Starship's Third Flight Test. March 15. 2024 Photo: SpaceX

On March 14th, SpaceX launched Orbital Flight Test 3 of its Starship/Super Heavy rocket system–less than 24 hours after the FAA had granted a license for it to proceed. The world's largest ever rocket, and first fully and rapidly reusable rocket system, achieved orbital velocity, tested fuel transfer between tanks, and tested its payload dispenser door. Overall, the 2-stage system successfully accomplished 90% of the goals for the test.

The Super Heavy beautifully launched the Starship orbital ship, then the Super Heavy turned around and headed back to splash down in the Gulf of Mexico. It seemed to be successfully maneuvering to the splashdown site; however, the engine burn which was to slow the vehicle to a safe landing speed, did not ignite until about a second before hitting the water. So it hit at a very high velocity and was destroyed on impact.

Meanwhile, the Starship continued accelerating to orbital velocity, performed the tests noted above, and arched back on its ballistic trajectory to the Indian Ocean. From the beautiful video coming from the Starship fin camera, it appeared that the vehicle was rotating in an irregular manner. SpaceX has not commented upon this yet, but perhaps the Starship was unable to completely control its attitude. As the ship began its descent back into the atmosphere, the buildup of pink plasma around the ship was documented by the camera. However, communication was soon lost, and it was assumed that the ship had been destroyed in the descent. SpaceX, in coordination with the FAA, will go through the massive amount of data collected and work out the causes of the problems with the landings of the 2 vehicles.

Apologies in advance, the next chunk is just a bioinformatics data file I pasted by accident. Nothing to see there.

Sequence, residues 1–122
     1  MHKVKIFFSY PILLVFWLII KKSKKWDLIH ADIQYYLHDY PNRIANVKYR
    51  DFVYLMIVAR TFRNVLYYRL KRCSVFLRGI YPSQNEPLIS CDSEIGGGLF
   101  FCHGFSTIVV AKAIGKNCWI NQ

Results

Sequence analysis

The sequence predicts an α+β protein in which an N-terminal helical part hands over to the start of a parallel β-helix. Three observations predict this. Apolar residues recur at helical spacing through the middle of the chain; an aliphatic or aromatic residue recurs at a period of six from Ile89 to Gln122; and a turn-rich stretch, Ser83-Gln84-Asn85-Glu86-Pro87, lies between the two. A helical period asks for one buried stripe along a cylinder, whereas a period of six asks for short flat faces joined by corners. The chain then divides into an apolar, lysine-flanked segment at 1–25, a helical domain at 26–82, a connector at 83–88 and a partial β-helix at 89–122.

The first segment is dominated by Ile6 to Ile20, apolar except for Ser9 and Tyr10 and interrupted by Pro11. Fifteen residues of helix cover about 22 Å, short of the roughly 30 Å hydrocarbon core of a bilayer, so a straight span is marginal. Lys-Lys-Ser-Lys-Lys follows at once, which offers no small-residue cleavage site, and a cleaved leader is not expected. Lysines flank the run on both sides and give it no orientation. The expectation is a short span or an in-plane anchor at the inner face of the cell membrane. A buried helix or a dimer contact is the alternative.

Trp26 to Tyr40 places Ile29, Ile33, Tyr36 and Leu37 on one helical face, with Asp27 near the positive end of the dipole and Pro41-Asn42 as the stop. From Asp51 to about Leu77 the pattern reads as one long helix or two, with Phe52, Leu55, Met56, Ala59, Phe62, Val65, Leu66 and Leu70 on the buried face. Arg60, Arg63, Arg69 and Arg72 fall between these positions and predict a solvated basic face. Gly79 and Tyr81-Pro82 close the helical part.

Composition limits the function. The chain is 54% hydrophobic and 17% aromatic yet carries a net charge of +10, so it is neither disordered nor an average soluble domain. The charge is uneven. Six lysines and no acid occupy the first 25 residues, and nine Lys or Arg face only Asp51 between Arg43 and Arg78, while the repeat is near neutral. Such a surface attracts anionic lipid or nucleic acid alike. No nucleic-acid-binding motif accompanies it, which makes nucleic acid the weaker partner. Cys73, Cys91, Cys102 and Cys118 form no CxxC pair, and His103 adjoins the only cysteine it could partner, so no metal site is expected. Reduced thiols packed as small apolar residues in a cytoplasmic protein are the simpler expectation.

This test marks a huge step forward in the project, and the company plans another 5 flights this year. It should be noted that 2 top former NASA officials, Bill Gerstenmaier and Kathy Lueders, are now employed in leading roles at SpaceX, and are working to ensure the success of this project.  Its successful development is key to the success of President Trump’s Artemis Project and continued American leadership in space exploration and commercialization. A modified Starship is scheduled to begin landing astronauts on the Moon in 2026.

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